If you’d rather follow a tight-knit plot than luxuriate in conspicuously deluxe prose, Hark may not be for you ... [Lipsyte's] sentences are the thing. They can go anywhere and be anything, except boring ... That’s not to say there’s no story in Hark, but it’s loose—a series of wild set pieces ... Irony becomes sincerity that doubles back, eating its own tail. It’s a style that only works with prose of the highest caliber—fluid and alert, deeply moral, unafraid to be lyrical or detour into the rudest humor. The satire is 10Xed, vicious and humane because the author’s self-recognition is clear. In Hark, little shards of phrase gleam with goofy malice, as Lipsyte perfectly embodies an exasperated Gen Xer enduring these ridiculous, teeth-gritting times ... Hark’s sendup of human greed, stupidity, and pathetic pre-apocalyptic longing delivers real empathy in an era of fake concern ... Flashes of this regard dot Lipsyte’s riotous novel like stars, bright and isolated. It’s not like compassion can save us. But it is something to focus on.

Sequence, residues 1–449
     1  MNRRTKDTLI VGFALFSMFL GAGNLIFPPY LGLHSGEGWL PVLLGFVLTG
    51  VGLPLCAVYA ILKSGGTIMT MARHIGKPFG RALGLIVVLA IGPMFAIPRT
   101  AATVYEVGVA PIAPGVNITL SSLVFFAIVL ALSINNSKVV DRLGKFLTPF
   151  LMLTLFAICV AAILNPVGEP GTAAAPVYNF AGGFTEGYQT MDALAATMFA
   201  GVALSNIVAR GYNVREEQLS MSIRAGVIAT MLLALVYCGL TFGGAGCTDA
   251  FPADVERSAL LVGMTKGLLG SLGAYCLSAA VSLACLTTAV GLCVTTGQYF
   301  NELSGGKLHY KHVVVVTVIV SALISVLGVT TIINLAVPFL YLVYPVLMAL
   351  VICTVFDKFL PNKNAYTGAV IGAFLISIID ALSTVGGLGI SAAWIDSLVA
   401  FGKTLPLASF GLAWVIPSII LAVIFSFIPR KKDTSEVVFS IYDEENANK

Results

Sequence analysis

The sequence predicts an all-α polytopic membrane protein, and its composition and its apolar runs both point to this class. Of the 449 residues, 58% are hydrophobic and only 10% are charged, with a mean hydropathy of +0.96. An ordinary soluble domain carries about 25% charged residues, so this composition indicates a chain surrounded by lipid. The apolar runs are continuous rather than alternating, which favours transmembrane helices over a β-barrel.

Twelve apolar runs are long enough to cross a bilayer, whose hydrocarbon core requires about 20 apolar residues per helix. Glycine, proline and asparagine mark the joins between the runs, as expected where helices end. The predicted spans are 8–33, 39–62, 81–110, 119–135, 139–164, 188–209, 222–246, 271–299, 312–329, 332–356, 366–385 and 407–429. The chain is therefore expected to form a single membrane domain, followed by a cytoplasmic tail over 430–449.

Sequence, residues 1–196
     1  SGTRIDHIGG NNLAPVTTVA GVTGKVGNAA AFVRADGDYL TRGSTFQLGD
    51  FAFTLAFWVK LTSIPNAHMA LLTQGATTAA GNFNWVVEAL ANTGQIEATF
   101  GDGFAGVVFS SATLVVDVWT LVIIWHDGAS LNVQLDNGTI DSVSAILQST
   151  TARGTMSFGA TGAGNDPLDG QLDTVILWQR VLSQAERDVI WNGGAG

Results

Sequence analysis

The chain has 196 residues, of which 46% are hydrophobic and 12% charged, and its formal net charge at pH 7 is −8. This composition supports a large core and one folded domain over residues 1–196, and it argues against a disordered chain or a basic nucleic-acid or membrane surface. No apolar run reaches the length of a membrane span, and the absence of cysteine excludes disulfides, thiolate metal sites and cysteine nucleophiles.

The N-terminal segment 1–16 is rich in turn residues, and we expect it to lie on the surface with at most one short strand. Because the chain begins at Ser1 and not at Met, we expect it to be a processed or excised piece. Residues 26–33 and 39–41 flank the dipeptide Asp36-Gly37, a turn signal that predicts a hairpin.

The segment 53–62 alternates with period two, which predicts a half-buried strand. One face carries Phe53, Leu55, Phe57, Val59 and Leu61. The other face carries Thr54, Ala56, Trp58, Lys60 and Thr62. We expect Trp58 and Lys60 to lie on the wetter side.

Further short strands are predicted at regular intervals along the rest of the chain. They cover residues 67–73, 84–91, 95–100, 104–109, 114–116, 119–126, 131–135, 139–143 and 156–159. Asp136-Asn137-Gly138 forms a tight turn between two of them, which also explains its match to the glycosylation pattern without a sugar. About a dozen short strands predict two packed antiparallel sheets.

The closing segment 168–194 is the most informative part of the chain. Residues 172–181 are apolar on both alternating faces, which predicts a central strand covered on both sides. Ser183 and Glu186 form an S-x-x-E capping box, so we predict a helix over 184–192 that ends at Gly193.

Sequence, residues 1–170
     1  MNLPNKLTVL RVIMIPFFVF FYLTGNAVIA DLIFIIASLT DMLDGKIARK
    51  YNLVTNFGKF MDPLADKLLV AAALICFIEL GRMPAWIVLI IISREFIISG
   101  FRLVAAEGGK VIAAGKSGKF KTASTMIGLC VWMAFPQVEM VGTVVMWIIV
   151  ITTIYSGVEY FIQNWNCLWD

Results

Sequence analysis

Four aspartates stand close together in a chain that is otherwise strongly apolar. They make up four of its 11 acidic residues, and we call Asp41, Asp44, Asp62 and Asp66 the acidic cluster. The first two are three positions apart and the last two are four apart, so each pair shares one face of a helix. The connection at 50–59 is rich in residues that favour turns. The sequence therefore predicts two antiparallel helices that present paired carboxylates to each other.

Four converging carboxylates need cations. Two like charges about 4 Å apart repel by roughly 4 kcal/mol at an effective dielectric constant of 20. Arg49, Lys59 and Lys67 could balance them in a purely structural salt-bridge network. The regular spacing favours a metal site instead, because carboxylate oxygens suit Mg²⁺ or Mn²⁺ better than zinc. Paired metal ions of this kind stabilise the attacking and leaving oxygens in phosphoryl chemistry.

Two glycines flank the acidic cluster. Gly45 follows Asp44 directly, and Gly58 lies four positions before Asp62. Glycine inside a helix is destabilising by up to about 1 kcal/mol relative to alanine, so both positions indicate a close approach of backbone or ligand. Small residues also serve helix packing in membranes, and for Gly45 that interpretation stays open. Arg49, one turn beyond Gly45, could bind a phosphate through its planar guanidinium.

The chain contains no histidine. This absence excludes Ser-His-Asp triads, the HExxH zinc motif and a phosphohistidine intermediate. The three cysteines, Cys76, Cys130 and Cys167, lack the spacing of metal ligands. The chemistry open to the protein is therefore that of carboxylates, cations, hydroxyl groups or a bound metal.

Hark is split into halves, the first of which is extremely funny ... the story unravels some in Part 2 ... Many of [Hark's riffs] are dazzling, but hardly all of them, and Hark is in the book a lot ... [Some riffs can be] Meta, sure. But meta-boring is still boring ... Lipsyte tries to give his characters cleaner moments of salvation before wrapping things up, but this being a Christ allegory tucked inside a satire, it’s safe to say it doesn’t end terribly well for anyone. It’s a shame. Not only because so much of Hark is brilliantly alive, but because everyone in it could use a bit of mercy.
The book abruptly shifts gears at the midway point, and starts to slip out of Lipsyte’s hands ... the factionalism [in Hark's group] feels poorly sketched, taking oxygen from the day-to-day details that make the first half of the book so rich. It’s a shame that Hark comes to this. It begins as an energetic and compassionate satire of what we choose to pay attention to and why. Lipsyte’s vision of the political nature of having no politics feels spot-on, and his sentences are as sharp as ever. That the novel has so many good things going for it makes the back half’s hard landing hurt all the more.